In addition to the main databases described above, decoy versions of each database have been produced that contain head-to-tail reversed sequences. These decoy databases are provided separately and can be combined with spruce proteome DB to assess the level of false-positive protein identification that is obtained from any proteomics dataset following a database search. The implementation of this approach for the analysis of proteomics data has been previously described (Huttlin et al. 2007). In brief, matches to reverse sequences represent random incorrect matches and the scores that are obtained against these reverse sequences can be used to empirically determine an appropriate score cutoff when interpreting the result of a proteomics database search.
Database implementation and access
Spruce proteome DB can be accessed and used for the interpretation of tandem mass spectrometry data through an instance of the global proteome machine (GPM; Craig and Beavis 2004) at http://treenomix.ca/Home/ResearchActivities/FunctionalGenomics/ProteinProfiling/SpruceDB.aspx (username: tggreview; password: treenomix). Users can upload their peak extracted data in any GPM compatible format (e.g., .mgf, .mzxml). The complete spruce proteome DB can also be obtained by direct download for use with other proteomics analysis software platforms. The database is provided in fasta format and should be compatible with all commercial and open-source platforms. At present, the database has been successfully tested with both Mascot (Perkins et al. 1999) and ProteinPilot (Applied Biosystems, Foster City, CA, USA) as alternative search engines.
Performance comparison of spruce proteome DB and NCBInr plant for Norway spruce protein identification from tandem mass spectrometry data
Sitka spruce proteome DB
Plant translated UniGene (NCBI)
Sitka spruce UniGene (NCBI)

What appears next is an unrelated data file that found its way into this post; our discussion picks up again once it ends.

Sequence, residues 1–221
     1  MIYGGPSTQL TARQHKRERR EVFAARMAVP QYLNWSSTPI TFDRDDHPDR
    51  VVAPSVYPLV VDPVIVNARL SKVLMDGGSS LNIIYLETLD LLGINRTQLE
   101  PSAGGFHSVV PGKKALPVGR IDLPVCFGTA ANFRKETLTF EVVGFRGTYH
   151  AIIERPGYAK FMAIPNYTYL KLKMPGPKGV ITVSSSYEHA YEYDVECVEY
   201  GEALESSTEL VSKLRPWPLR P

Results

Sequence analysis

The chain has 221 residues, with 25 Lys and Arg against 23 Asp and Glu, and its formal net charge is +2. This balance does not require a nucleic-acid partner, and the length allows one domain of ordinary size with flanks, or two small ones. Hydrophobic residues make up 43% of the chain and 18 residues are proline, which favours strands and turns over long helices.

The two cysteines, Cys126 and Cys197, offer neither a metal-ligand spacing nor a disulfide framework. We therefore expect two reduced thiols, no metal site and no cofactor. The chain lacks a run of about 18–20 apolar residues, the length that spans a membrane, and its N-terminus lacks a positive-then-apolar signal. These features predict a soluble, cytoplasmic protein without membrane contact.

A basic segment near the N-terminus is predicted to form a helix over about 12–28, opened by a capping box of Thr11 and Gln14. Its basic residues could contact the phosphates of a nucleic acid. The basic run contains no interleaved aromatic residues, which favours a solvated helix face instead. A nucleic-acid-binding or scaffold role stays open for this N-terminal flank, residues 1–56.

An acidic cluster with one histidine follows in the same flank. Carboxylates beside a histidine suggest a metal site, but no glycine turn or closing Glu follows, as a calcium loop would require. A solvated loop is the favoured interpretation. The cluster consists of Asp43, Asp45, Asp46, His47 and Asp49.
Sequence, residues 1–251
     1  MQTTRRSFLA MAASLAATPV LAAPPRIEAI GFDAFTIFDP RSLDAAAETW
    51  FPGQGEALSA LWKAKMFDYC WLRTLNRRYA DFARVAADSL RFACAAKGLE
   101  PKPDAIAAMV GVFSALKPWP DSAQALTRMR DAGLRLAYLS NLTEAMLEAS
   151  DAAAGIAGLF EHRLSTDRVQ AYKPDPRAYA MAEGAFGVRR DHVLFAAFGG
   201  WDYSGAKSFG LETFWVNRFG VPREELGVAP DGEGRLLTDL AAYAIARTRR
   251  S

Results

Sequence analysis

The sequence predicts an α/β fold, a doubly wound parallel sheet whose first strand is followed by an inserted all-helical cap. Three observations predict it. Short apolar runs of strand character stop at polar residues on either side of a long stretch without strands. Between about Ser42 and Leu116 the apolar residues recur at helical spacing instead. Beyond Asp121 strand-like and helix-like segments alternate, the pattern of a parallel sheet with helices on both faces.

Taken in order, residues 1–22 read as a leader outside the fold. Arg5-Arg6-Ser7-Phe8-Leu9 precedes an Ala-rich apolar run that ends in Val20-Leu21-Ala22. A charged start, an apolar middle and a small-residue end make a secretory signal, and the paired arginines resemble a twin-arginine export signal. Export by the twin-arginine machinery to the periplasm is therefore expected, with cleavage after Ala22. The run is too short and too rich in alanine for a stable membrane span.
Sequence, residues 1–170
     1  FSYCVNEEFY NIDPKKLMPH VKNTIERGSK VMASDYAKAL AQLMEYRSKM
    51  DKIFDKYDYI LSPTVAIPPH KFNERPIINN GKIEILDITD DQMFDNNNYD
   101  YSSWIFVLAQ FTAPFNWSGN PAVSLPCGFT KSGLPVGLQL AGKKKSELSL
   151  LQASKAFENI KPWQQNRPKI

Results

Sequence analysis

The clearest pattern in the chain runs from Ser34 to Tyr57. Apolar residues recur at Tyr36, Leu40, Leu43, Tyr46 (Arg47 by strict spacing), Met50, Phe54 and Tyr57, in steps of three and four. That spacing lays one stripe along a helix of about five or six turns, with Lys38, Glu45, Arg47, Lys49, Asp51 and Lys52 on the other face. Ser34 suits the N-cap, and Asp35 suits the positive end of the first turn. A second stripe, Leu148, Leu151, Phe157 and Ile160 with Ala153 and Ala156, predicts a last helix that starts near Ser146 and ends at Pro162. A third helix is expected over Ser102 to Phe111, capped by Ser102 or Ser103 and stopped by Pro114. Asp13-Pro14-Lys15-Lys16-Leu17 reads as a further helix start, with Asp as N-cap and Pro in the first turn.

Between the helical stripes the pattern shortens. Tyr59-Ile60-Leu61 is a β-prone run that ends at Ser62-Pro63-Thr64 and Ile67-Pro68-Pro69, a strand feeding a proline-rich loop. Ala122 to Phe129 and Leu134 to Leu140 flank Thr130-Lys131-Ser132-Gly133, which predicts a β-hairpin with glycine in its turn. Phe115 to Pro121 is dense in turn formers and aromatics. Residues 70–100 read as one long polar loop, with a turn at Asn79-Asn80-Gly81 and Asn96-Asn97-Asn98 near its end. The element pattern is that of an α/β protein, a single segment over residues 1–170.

Number of protein sequences in the database
Number of spectra submitted
Number of proteins identified (log(e) ≤ −3.0)
In its present form, spruce proteome DB provides a resource tailored to the analysis of proteomics data in species of spruce, which is one of the largest species groups in the conifers including many of the economically and ecologically most important forest tree species of the northern hemisphere. This database may also provide benefit in the analysis of proteomics data from other conifers and gymnosperms. Future versions of this database will expand upon the depth of spruce proteome coverage as new sequencing efforts are undertaken but will also attempt to gather and process sequences from other conifer and gymnosperm species to expanding both the size, diversity of species included, and the general utility of the database for the analysis of gymnosperm proteomics.
We would like to thank Richard Varhol and An He (Canada’s Michael Smith Genome Sciences Center, Vancouver, British Columbia) for bioinformatics support. The work described in this paper was supported with a grant from the Natural Sciences and Engineering Research Council of Canada (to J.B.) and funding from Genome British Columbia and Genome Canada for the Treenomix Conifer Forest Health project (www.treenomix.ca; to J.B.). J.B. is a University of British Columbia Distinguished University Scholar.
This article is distributed under the terms of the Creative Commons Attribution Noncommercial License which permits any noncommercial use, distribution, and reproduction in any medium, provided the original author(s) and source are credited.
- Borodovsky M, Lomsadze A, Ivanov N et al (2003) Eukaryotic gene prediction using genemark.hmm. Curr Protoc Bioinformatics 4:4.6Google Scholar
- Huttlin EL, Hegeman AD, Harms AC et al (2007) Prediction of error associated with false-positive rate determination for peptide identification in large-scale proteomics experiments using a combined reverse and forward peptide sequence database strategy. J Proteome Res 6:392–398PubMedCrossRefGoogle Scholar
- Ralph SG, Yueh H, Friedmann M et al (2006) Conifer defence against insects: microarray gene expression profiling of Sitka spruce (Picea sitchensis) induced by mechanical wounding or feeding by spruce budworms (Choristoneura occidentalis) or white pine weevils (Pissodes strobi) reveals large-scale changes of the host transcriptome. Plant Cell Environ 29:1545–1570PubMedCrossRefGoogle Scholar